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Re: [RFC] [PATCH] Support explicit_bzero, memset_s, memzero_explicit, or similar.
- From: Rich Felker <dalias at libc dot org>
- To: libc-alpha at sourceware dot org
- Date: Mon, 15 Dec 2014 16:38:47 -0500
- Subject: Re: [RFC] [PATCH] Support explicit_bzero, memset_s, memzero_explicit, or similar.
- Authentication-results: sourceware.org; auth=none
- References: <CAKDKvuzWYf3GcXYs4ED8XLyy58nzmvxRV84xwsKKZjPpVSFQug at mail dot gmail dot com> <20141215173527 dot GJ4574 at brightrain dot aerifal dot cx> <548F52D7 dot 2010401 at cs dot ucla dot edu>
On Mon, Dec 15, 2014 at 01:29:59PM -0800, Paul Eggert wrote:
> On 12/15/2014 09:35 AM, Rich Felker wrote:
> >None of these solve the problem, because the compiler is free to have
> >copied part of all of this buffer into other temporary storage on the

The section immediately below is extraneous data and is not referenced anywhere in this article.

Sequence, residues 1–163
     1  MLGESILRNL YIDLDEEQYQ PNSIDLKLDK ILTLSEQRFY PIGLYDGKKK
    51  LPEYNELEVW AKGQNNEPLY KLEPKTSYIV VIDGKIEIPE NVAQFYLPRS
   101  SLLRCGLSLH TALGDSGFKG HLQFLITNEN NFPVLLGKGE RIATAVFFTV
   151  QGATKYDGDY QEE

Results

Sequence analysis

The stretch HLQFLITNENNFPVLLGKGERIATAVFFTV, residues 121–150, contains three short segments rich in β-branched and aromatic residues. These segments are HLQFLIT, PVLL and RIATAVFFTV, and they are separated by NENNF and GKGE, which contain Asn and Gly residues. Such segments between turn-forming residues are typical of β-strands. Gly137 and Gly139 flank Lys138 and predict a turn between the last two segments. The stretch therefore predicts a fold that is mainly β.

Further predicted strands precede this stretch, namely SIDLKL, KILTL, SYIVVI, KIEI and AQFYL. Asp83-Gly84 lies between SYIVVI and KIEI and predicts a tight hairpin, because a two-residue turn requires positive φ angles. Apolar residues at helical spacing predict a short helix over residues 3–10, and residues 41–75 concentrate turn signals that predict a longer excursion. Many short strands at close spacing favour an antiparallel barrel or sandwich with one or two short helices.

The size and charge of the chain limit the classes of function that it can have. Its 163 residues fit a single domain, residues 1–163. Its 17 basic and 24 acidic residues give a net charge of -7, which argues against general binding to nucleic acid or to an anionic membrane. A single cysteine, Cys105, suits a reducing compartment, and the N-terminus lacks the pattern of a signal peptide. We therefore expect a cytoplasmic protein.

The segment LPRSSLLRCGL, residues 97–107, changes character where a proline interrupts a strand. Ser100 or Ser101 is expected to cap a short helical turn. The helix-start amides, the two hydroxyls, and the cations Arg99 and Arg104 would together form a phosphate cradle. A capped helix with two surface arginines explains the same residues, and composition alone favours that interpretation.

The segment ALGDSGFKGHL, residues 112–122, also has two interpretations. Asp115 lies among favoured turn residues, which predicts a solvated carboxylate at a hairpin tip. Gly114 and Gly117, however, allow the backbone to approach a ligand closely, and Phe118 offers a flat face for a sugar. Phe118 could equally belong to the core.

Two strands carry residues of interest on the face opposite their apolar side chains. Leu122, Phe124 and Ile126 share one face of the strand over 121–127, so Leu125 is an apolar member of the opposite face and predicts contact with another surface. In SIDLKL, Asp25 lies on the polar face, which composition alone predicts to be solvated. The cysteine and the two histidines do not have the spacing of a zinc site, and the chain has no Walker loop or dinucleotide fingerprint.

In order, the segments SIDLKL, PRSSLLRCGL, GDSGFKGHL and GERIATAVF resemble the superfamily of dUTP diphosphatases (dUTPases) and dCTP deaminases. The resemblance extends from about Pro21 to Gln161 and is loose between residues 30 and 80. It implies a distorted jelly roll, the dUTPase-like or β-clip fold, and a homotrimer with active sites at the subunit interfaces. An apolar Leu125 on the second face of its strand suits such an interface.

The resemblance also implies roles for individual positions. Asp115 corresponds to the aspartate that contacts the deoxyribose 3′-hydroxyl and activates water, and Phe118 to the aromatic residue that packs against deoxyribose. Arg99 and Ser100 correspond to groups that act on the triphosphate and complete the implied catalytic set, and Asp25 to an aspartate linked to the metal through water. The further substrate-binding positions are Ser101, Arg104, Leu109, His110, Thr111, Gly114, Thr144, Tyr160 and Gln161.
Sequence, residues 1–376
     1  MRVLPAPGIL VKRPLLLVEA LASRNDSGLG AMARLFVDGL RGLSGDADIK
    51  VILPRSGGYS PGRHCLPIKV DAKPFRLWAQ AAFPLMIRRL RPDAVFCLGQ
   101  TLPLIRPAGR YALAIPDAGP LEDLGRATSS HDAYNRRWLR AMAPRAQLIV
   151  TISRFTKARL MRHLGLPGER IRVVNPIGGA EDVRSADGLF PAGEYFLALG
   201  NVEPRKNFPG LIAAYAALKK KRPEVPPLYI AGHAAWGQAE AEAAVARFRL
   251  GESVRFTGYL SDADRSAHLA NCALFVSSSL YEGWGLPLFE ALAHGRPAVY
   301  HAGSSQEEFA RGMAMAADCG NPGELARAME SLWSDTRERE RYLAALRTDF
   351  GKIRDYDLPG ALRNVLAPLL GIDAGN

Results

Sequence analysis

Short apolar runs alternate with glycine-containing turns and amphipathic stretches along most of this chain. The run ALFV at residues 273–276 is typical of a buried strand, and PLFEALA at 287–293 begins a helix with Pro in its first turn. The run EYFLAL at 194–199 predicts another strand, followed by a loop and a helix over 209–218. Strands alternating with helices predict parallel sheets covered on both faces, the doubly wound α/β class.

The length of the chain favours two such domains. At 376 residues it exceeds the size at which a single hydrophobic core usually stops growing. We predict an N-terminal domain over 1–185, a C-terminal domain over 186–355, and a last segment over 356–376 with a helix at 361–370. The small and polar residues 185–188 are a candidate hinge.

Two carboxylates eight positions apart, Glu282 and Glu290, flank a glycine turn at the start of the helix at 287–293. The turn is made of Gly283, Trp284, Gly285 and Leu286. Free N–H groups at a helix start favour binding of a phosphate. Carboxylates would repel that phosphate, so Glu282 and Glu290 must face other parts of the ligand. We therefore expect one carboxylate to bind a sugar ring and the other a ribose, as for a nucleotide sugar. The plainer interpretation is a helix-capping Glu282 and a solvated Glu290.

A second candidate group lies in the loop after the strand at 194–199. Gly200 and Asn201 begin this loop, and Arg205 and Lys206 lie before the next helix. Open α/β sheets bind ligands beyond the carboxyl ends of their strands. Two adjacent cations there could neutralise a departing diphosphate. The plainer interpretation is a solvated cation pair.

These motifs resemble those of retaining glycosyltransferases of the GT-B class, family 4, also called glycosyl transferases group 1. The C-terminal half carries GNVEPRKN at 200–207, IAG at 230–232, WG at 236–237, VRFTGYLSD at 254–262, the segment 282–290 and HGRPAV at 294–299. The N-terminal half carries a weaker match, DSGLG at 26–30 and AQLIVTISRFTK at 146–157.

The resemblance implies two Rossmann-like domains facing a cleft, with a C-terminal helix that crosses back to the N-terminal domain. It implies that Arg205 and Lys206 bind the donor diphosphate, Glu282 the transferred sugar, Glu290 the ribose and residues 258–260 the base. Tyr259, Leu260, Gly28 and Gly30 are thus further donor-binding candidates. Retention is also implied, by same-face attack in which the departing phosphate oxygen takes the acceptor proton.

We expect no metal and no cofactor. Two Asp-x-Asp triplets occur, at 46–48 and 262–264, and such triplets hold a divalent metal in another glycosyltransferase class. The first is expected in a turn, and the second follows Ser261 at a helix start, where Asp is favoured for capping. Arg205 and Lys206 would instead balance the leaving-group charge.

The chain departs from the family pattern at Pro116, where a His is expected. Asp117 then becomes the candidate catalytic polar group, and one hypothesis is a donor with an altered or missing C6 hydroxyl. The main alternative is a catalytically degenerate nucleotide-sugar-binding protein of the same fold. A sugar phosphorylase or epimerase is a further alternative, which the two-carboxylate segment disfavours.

> >stack or registers.
> Yes, this is not something that can be solved just at the C library
> level. It's a big problem, that requires OS and compiler support
> (and maybe even hardware support). See, for example, Anikeev et
> al's paper on secure garbage collection
> <http://dx.doi.org/10.1016/j.jisa.2014.10.001> or Chow et al's
> classic paper on shredding one's garbage <https://www.usenix.org/legacy/event/sec05/tech/full_papers/chow/chow_html/>.
> By the way, shouldn't one set memory to a random bitpattern rather
> than simply clearing it?
Only if you also wrap your device in tinfoil. Seriously, these
measures are about preventing information disclosure in the event of
subsequent compromise of the process (or possibly even normal behavior
following setuid() to drop privs), not defending against physical
attacks to recover previous state of memory/disks. If you agree with
my assessment of the scope, it's solvable purely at the compiler level
without any special OS or hardware level support. This is because you
don't have to ensure that the information is fully destroyed, just
that the process can no longer access it, and you get to assume all
the normal kernel- and hardware-enforced access controls apply.